It's official - the 2011 Toyota Prius v will not be reaching American showrooms until mid-October of this year, pushing back its original launch date from the end of the upcoming summer season. The delay had been hinted at before, but was confirmed recently amidst a flurry of information being released about the new, larger edition of the popular Toyota Prius hybrid.
Some of the facts and figures provided by Toyota about the Prius v had already been disseminated earlier in the year when the vehicle was introduced to the public at the Detroit Auto Show. These include the fact that the vehicle offers 124 horsepower from essentially the same Hybrid Synergy Drive system found in the standard Prius (consisting of a 1.8-liter, four-cylinder engine paired with two battery-powered electric motors), allowing it to claim fuel mileage of 44 miles per gallon in city driving and 40 miles per gallon on the highway. A four-mode power management system (standard, Eco, EV and Power) provides a range of different driving profiles that can either maximize battery life, use battery power exclusively to propel the vehicle forward or marshal up all of the Prius v's horsepower when needed for better acceleration and passing performance.
Additional details about how exactly the larger and heavier Prius v manages to maintain solid fuel efficiency is part of the expanded info pack that Toyota first published this week. Engineers at the company were able to keep the new hybrid's drag coefficient at a very sleep 0.29 without compromising on interior space (five passengers, 34.3 cubic feet of storage space behind the second row and a whopping 67.3 cubic feet in total with those seats folded forward). Aerodynamic details such as flush front panels and smoothed wheel covers combine with the extensive use of materials such as polypropylene, high tensile steel and urethane that keep the Prius v's weight down to a manageable level. Even the vehicle's panoramic sunroof is made out of a special resin product instead of traditional glass.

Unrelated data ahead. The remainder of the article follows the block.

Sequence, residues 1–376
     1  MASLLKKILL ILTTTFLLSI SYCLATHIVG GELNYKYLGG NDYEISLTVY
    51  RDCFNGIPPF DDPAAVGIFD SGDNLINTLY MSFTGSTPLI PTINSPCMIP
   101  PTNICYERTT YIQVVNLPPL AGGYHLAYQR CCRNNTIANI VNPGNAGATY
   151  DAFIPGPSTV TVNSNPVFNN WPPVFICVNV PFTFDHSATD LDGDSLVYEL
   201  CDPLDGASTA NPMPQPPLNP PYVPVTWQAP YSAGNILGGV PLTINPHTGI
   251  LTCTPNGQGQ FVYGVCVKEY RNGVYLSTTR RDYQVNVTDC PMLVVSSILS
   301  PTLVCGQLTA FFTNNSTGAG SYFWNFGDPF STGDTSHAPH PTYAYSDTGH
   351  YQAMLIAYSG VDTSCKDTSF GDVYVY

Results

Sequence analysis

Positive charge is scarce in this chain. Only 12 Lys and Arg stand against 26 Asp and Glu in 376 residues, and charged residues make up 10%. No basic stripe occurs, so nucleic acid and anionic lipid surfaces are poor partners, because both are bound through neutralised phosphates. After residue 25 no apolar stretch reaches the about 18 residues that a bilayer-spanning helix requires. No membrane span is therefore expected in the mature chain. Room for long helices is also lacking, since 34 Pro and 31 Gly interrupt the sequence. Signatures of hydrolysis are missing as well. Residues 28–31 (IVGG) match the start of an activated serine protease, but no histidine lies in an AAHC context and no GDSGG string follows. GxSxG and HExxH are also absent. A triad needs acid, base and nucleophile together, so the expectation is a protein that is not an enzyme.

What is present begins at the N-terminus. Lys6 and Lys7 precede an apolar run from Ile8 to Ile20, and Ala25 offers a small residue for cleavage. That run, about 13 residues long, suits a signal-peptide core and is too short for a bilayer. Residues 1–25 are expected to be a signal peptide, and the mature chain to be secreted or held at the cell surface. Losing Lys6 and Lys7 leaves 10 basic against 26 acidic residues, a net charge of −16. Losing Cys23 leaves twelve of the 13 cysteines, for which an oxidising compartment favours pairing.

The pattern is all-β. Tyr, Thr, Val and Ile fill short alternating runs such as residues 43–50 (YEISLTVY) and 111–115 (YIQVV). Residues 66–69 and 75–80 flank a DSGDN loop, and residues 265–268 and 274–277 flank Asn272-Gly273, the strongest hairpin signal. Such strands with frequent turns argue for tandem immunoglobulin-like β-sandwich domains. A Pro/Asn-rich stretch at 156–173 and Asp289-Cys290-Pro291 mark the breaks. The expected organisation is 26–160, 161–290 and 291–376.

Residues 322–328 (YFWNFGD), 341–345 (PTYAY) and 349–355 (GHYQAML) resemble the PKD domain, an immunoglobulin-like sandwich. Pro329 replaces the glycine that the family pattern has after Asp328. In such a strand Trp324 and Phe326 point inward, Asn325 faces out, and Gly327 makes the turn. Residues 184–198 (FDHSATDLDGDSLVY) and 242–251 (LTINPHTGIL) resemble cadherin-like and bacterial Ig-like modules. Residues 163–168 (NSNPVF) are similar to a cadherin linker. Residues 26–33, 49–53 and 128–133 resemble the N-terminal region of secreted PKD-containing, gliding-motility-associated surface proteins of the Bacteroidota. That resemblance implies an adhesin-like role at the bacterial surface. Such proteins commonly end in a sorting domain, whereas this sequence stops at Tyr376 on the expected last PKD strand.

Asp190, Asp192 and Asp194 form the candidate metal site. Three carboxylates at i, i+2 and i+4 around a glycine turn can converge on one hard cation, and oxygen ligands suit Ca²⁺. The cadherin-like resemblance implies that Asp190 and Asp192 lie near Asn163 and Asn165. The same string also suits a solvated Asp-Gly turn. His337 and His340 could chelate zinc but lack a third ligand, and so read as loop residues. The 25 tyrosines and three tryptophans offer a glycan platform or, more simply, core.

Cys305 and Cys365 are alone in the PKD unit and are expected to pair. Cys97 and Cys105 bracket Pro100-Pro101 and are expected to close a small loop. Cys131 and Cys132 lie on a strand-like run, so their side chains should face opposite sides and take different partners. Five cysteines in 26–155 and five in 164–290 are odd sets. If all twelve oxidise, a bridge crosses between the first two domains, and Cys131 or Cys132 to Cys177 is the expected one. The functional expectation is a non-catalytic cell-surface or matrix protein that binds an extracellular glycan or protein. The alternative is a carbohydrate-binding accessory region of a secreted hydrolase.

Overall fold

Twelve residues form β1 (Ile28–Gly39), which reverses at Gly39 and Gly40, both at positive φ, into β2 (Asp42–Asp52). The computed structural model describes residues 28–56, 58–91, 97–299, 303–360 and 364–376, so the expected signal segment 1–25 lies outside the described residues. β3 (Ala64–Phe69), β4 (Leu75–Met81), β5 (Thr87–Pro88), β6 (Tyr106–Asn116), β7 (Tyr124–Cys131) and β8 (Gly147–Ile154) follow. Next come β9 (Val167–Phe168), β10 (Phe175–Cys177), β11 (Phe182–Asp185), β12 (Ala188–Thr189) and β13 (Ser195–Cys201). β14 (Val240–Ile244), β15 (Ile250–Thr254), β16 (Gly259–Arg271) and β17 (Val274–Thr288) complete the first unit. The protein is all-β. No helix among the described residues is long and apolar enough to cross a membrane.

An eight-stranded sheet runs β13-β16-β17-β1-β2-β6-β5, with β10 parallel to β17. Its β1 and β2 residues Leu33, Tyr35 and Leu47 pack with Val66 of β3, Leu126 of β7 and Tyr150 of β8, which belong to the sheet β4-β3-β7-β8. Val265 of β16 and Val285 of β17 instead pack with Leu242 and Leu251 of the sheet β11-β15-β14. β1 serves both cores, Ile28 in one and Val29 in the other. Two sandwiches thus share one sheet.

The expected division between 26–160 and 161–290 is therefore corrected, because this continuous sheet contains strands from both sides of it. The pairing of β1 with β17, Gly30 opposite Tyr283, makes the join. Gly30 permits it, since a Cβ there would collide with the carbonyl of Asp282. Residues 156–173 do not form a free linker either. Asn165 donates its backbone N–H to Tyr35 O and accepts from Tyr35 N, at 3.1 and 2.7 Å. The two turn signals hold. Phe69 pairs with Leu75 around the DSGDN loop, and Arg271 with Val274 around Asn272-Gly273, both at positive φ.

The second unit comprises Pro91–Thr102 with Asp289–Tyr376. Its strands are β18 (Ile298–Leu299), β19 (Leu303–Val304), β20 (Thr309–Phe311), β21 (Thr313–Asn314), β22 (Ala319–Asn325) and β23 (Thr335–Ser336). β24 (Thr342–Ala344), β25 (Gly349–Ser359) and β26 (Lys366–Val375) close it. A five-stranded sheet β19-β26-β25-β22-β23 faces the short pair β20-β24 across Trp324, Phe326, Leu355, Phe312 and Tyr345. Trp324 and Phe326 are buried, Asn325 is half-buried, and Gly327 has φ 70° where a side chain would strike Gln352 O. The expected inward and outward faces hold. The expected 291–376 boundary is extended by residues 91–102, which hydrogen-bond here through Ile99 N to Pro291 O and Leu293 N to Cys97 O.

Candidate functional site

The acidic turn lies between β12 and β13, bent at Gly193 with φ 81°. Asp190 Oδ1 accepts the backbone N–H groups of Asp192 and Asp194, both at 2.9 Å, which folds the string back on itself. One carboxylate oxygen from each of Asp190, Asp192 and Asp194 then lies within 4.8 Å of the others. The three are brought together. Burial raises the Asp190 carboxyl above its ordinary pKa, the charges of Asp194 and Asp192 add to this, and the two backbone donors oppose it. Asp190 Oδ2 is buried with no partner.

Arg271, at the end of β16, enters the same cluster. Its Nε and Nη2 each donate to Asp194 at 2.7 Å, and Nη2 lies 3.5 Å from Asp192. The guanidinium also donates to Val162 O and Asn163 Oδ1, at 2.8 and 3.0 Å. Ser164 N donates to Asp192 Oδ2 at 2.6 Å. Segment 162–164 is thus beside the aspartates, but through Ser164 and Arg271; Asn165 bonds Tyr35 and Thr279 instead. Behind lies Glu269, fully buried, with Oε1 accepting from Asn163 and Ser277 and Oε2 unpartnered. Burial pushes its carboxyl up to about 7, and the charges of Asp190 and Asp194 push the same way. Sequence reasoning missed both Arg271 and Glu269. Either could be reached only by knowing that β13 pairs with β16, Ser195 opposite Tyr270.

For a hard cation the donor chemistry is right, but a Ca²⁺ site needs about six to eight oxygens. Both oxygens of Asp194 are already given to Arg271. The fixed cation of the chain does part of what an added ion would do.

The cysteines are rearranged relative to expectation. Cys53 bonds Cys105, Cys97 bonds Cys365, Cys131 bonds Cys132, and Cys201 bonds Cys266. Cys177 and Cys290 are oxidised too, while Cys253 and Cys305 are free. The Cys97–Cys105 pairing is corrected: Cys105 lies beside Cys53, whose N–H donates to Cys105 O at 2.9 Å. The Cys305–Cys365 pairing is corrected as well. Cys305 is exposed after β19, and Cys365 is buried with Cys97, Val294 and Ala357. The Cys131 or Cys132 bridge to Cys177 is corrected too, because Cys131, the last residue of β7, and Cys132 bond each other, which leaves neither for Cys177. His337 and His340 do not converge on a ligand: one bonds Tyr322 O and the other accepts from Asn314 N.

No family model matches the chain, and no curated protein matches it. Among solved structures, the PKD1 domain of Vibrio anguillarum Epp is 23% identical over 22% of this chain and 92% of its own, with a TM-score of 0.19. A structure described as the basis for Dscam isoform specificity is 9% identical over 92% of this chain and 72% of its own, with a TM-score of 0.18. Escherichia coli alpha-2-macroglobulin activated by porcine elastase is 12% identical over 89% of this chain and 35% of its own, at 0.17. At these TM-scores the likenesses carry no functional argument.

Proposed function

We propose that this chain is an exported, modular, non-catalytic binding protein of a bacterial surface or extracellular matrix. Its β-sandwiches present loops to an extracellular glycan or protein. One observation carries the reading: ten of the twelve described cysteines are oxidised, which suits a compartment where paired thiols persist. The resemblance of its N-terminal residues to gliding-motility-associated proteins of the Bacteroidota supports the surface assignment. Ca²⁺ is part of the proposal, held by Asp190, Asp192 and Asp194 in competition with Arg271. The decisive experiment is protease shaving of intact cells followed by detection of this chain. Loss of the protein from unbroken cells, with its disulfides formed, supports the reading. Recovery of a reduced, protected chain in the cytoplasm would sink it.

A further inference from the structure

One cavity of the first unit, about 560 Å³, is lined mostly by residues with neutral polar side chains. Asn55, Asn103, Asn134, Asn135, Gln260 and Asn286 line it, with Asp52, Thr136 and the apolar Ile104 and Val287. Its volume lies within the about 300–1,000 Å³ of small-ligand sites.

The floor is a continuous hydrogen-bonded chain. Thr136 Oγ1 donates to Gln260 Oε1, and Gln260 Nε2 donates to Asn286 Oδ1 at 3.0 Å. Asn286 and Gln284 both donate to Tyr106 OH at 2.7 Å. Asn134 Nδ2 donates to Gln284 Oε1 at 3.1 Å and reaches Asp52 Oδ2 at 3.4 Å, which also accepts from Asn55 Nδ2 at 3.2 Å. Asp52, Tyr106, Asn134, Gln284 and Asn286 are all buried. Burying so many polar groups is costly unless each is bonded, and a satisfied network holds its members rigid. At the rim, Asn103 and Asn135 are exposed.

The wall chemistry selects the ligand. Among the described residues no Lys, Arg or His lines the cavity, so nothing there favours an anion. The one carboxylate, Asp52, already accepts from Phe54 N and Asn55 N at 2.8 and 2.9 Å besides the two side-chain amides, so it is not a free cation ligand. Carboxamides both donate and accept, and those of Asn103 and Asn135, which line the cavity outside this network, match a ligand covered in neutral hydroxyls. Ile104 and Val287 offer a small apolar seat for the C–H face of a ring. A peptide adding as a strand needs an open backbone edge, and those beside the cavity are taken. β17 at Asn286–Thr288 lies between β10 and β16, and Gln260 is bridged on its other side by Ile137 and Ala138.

The key difference between the new Prius v and the Prius compact hatchback is, of course, its size. More interior volume gives rear passengers the change to stretch out in seats that slide and recline, and a greater number of interior storage compartments have been scattered throughout the inside of the automobile. A revamped electric climate control system is on hand to keep passengers comfortable despite the demands of the larger cabin, and a number of advanced audio and entertainment systems join the options list to help keep occupants busy during longer trips.
The Toyota Entune system will also make its world premier when the Prius v hits the market this fall. Toyota Entune is positioned as a competitor to other in-car entertainment services such as Ford SYNC, and it offers web searching through the Microsoft Bing search engine, as well as online radio (iheartradio, Pandora) and access to other Internet-enabled services (MovieTickets.com, OpenTable, sports, stocks, news and weather updates). Designed to integrate with mobile devices like smart phones, the Toyota Entune system also features a voice-controlled interface to help lower driver distractions behind the wheel.
The 2012 Toyota Prius v is Toyota's great experiment - not only the first member of a planned Prius family of vehicles that will operate as its own sub-brand, but also a testing of the waters to see how hybrid fans will react to a larger, less efficient edition of the extremely popular compact Prius. If it is successful, the Prius v could represent an important bridge between the worlds of fuel efficiency and practicality in the dedicated hybrid segment.